Teachers wanted: Alpena schools recruit parents, community members to lead classrooms
If school system can't fill 19 jobs, return to remote learning is possible
With 19 openings for teachers, and classes in session next month, Alpena Public Schools is the latest district in Michigan to offer would-be teachers an alternative way to work in the classroom. It is recruiting parents and community members to fill jobs, offering a $5,000 signing bonus to successful applicants who can fill a special education job.
The Alpena News explains that someone who has a bachelor’s degree and completes a training program while working as a teacher can obtain an interim teaching certificate.
The paper says, “If all else fails, Alpena students could have to learn from home if schools can’t fully staff classrooms.”
In the 2021-22 academic year, Alpena Public Schools served about 3,600 students, according to MiSchoolData.org.
Hiring is a widespread problem in Michigan, in both the public and private sector.
Schools are hiring, law enforcement organizations are hiring, factories are hiring, restaurants are hiring. Filling any one job is not easy; filling 19 teaching jobs at once, six of them requiring special education training, is a great challenge. Some northern Michigan schools are struggling to find even substitute teachers.
State Superintendent Michael Rice told the State Board of Education in November that a teacher shortage is “the most urgent challenge facing Michigan public schools and many schools across the nation.”
Claims of a teacher shortage in Michigan date back more than a century.
Superintendent Rice said an additional investment of $300 million to $500 million over five years would be the first step to filling the traditional recruiting pipeline.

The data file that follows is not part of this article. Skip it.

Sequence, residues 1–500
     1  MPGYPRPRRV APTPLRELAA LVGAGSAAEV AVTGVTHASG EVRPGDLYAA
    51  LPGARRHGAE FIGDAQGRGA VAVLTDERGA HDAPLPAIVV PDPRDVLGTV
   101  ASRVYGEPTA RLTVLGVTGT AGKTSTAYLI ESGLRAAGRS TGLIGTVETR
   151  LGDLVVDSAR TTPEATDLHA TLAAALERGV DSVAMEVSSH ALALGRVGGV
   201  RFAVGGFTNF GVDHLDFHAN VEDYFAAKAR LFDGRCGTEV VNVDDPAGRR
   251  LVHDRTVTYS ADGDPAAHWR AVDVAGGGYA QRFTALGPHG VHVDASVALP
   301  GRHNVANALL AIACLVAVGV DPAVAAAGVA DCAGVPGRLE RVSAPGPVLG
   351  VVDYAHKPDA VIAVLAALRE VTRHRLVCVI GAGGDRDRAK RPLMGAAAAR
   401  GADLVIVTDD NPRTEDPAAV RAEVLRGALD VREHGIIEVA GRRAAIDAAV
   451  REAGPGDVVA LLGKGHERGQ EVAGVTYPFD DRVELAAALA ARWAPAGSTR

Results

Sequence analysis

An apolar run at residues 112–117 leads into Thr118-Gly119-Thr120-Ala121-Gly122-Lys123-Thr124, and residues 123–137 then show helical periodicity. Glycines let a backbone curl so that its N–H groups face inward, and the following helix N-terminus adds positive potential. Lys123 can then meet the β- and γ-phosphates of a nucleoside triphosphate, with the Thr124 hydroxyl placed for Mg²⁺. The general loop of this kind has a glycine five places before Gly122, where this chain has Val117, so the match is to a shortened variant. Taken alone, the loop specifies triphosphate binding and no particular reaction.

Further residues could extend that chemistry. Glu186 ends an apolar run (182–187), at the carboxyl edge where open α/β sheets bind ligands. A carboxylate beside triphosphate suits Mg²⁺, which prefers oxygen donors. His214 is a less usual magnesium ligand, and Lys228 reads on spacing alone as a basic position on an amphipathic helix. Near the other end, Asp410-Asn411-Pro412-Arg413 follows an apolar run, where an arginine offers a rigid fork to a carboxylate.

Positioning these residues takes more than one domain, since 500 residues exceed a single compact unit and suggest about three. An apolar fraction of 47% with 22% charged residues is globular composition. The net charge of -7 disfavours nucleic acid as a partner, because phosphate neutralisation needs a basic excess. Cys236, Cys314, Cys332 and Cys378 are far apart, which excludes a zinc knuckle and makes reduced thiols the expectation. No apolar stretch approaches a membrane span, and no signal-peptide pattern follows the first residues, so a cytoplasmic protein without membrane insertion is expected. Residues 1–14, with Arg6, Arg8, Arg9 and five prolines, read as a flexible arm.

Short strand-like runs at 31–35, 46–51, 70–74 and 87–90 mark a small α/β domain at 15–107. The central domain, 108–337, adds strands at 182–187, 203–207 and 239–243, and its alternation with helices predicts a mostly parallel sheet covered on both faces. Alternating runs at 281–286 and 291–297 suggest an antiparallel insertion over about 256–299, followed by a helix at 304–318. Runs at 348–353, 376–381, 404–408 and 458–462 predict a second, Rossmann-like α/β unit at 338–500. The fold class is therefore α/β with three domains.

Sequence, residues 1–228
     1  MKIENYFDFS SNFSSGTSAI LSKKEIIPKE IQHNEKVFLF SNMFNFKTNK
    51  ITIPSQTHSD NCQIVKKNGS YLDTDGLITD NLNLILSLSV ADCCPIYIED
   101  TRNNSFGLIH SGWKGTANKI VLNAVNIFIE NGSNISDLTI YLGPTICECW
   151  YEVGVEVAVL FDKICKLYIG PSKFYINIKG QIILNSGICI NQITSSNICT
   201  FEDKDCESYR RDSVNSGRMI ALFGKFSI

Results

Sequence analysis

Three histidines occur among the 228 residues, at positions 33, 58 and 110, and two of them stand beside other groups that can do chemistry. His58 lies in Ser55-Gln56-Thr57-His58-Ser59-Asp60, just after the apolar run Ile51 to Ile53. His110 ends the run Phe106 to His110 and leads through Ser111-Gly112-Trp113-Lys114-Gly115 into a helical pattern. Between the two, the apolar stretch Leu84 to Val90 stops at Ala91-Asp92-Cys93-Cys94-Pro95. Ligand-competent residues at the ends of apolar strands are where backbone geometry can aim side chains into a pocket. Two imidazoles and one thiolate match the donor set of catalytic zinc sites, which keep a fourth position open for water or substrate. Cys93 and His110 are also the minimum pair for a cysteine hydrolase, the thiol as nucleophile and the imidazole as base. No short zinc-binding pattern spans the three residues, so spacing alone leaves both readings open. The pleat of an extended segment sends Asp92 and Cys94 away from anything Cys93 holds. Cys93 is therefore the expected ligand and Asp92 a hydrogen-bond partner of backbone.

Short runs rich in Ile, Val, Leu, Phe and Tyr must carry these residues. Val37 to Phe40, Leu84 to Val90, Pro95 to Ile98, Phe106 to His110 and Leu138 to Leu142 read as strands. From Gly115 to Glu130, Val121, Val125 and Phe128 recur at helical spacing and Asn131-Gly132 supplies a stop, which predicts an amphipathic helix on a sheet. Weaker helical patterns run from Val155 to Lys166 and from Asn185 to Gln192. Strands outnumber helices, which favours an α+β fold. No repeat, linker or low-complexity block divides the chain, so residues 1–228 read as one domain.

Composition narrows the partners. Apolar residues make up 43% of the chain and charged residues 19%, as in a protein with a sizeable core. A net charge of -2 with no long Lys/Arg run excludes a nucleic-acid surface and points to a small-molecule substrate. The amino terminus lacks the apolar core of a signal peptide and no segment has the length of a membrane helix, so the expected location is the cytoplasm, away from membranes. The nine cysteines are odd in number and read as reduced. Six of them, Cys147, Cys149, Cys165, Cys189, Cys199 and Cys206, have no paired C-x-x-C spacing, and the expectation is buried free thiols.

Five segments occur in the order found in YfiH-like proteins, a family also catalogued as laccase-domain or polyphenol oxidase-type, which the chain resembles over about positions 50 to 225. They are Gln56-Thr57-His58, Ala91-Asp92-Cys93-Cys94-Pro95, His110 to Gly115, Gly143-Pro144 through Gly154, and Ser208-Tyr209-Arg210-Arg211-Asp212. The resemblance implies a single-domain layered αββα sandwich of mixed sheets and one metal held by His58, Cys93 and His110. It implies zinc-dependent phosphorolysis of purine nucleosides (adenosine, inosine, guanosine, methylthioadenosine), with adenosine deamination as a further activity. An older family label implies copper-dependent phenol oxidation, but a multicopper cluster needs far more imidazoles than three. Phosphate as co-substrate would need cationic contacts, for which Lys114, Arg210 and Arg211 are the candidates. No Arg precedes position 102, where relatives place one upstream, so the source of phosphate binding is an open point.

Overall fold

Ultimately, the state looks to increase the number of certified teachers. This would require reversing nationwide trends. In Rice's presentation to the state board, he showed that about half as many people were enrolled in teacher prep programs in 2019-20, about 12,000, as in 2013-14, which was about 23,200. The number of "completers" is also half: about 2,260 in 2019-20 compared to 4,720 in 2013-1
In the meantime, as PBS Newshour reported, Michigan is using more immediate means to attract capable-but-not-certified teachers to the classroom. These efforts include offering “waivers to help former educators become recertified, reaching out to certified educators not currently teaching, and [running] alternative teacher certification programs to support aspiring teachers, including paraprofessionals and support staff.”
Schools trying to recruit parents and community members do have one unfair advantage over other employers: Their job-seekers are self-interested. The reason to take these jobs over others is the chance to work with or near their children, educate the children of the community, and make a middle-class salary while doing it.
In October 2021, the Michigan Department of Education reached out to 35,000 people with active teaching certificates who, it said, “are currently not teaching in a public school.”
The department did not respond to a request for data on interim teaching certificates.
Michigan Capitol Confidential is the news source produced by the Mackinac Center for Public Policy. Michigan Capitol Confidential reports with a free-market news perspective.